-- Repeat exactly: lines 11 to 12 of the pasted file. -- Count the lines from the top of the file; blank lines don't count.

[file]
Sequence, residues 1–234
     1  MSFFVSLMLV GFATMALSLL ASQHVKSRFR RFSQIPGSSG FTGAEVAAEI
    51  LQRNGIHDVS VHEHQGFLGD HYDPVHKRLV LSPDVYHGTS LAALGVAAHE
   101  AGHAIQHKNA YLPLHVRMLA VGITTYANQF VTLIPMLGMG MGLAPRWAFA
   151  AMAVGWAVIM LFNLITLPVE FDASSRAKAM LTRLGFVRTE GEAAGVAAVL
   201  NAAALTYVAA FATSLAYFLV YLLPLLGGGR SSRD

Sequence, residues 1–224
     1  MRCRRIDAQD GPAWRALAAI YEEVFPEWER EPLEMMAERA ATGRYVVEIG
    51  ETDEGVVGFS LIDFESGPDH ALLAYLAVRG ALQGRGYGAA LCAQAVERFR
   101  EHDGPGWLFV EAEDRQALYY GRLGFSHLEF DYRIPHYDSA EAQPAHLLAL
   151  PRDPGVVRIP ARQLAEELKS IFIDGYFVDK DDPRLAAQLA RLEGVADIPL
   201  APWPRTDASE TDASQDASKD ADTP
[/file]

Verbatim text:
   151  PRDPGVVRIP ARQLAEELKS IFIDGYFVDK DDPRLAAQLA RLEGVADIPL
   201  APWPRTDASE TDASQDASKD ADTP